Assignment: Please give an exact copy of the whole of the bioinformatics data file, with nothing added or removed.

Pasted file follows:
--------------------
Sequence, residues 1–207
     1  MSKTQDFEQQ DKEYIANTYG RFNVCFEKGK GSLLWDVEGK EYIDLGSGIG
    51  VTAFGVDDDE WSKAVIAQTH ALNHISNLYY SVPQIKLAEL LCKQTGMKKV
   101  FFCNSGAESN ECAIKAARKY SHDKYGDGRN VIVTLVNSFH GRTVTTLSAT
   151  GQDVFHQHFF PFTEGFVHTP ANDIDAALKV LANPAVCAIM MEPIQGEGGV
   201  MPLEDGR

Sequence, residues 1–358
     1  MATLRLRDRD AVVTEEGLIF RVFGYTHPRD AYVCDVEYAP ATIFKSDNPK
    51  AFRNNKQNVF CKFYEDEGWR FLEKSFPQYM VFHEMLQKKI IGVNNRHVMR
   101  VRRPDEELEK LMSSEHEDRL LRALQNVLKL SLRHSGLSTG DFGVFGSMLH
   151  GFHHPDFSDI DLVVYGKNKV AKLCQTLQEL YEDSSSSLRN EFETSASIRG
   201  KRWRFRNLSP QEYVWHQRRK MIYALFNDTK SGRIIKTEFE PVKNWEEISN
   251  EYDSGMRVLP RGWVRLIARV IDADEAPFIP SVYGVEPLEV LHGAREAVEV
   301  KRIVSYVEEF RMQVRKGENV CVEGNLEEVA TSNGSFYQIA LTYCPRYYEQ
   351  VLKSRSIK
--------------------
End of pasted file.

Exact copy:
Sequence, residues 1–207
     1  MSKTQDFEQQ DKEYIANTYG RFNVCFEKGK GSLLWDVEGK EYIDLGSGIG
    51  VTAFGVDDDE WSKAVIAQTH ALNHISNLYY SVPQIKLAEL LCKQTGMKKV
   101  FFCNSGAESN ECAIKAARKY SHDKYGDGRN VIVTLVNSFH GRTVTTLSAT
   151  GQDVFHQHFF PFTEGFVHTP ANDIDAALKV LANPAVCAIM MEPIQGEGGV
   201  MPLEDGR

Sequence, residues 1–358
     1  MATLRLRDRD AVVTEEGLIF RVFGYTHPRD AYVCDVEYAP ATIFKSDNPK
    51  AFRNNKQNVF CKFYEDEGWR FLEKSFPQYM VFHEMLQKKI IGVNNRHVMR
   101  VRRPDEELEK LMSSEHEDRL LRALQNVLKL SLRHSGLSTG DFGVFGSMLH
   151  GFHHPDFSDI DLVVYGKNKV AKLCQTLQEL YEDSSSSLRN EFETSASIRG
   201  KRWRFRNLSP QEYVWHQRRK MIYALFNDTK SGRIIKTEFE PVKNWEEISN
   251  EYDSGMRVLP RGWVRLIARV IDADEAPFIP SVYGVEPLEV LHGAREAVEV
   301  KRIVSYVEEF RMQVRKGENV CVEGNLEEVA TSNGSFYQIA LTYCPRYYEQ
   351  VLKSRSIK